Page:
EXAMPLE III

The emulsion in Example II was evaluated and found to be an effective skin conditioner, in maintenance of skin smoothness, softness, and protection of the skin from dryness. When applied to the skin, the emulsion had a dry smooth feel. Other variations and modifications may be made in the compounds, compositions, and methods described herein without departing from the essential features and concepts of the present invention.

The forms of the invention described herein are exemplary only and are not intended as limitations on the scope of the invention as defined in the appended claims.

Patent Citations
Cited PatentFiling datePublication dateApplicantTitle
US3427271 *Nov 4, 1966Feb 11, 1969Dow CorningNovel organosilicon compositions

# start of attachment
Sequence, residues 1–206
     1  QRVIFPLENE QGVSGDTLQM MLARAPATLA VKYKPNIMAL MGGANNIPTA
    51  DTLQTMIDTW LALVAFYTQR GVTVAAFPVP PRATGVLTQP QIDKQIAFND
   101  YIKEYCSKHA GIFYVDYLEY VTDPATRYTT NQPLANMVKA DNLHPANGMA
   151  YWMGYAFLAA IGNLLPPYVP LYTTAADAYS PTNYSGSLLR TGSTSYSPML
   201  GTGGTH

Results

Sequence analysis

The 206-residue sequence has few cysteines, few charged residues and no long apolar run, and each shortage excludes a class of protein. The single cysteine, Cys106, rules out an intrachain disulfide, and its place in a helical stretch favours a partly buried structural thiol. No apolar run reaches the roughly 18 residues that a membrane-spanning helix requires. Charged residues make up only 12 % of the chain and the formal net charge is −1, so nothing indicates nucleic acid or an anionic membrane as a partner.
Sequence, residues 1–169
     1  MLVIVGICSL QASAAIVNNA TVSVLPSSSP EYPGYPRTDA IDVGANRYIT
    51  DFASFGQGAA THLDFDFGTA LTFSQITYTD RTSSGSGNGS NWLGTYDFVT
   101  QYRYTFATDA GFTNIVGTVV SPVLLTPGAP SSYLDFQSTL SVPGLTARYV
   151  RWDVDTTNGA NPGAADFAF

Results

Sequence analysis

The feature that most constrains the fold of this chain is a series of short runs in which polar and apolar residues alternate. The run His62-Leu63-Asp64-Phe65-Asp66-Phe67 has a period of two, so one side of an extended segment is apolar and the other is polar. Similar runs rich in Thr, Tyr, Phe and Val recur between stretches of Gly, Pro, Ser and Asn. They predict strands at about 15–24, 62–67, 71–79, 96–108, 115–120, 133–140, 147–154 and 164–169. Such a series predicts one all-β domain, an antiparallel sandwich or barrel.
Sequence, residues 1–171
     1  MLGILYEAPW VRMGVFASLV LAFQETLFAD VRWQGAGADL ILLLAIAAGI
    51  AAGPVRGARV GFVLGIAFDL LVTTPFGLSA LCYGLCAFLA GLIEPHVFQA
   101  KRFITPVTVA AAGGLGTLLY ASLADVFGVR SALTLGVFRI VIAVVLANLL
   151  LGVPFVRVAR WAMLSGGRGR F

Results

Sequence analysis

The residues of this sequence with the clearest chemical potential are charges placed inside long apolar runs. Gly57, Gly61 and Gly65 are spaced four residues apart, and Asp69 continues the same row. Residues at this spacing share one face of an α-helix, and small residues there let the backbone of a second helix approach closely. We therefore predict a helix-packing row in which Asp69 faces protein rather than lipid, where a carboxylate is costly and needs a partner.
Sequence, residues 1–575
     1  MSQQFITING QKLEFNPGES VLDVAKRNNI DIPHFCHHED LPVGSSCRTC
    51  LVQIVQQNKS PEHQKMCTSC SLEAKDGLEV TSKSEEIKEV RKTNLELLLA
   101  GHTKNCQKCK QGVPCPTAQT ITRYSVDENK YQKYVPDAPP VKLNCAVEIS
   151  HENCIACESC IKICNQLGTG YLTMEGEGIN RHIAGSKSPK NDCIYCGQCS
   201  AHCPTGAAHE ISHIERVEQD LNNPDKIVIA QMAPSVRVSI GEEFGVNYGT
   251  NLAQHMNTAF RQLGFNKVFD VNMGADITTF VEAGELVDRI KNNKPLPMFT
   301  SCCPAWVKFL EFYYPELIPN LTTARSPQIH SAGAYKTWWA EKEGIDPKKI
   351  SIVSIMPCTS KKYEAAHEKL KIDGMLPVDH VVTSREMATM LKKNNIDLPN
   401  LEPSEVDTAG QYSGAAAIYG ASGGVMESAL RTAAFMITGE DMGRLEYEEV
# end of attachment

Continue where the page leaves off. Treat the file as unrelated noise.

US5118764 *May 17, 1990Jun 2, 1992Shin-Etsu Chemical Company, LimitedTreating the unpurified form with water in an acetic media to decompose the unsaturated polyether and produce an aldehyde or ketone; removal
US5166295 *Jan 31, 1991Nov 24, 1992Wacker-Chemie GmbhSiloxane copolymers containing alkenyl groups, process for preparing the same and their use
US5232693 *Mar 9, 1992Aug 3, 1993Dow Corning CorporationTopically administering endcapped polysiloxane
US5262087 *Apr 30, 1992Nov 16, 1993Kose CorporationWater-in-oil type emulsified composition
Referenced by
Citing PatentFiling datePublication dateApplicantTitle
US5505937 *Jun 27, 1995Apr 9, 1996Revlon Consumer Products CorporationWear resistant mixture comprising volatile silicones, a silicone ester wax, waxes and oil
US6133370 *Feb 22, 1999Oct 17, 2000Dow Corning CorporationA polyethersiloxane copolymer wherein the trialkylsilanol endcapped polysiloxane containing an arylalkyl group in its monomer and a linker group links the copolymer; useful for preparing personal care products for hair, skin and underarm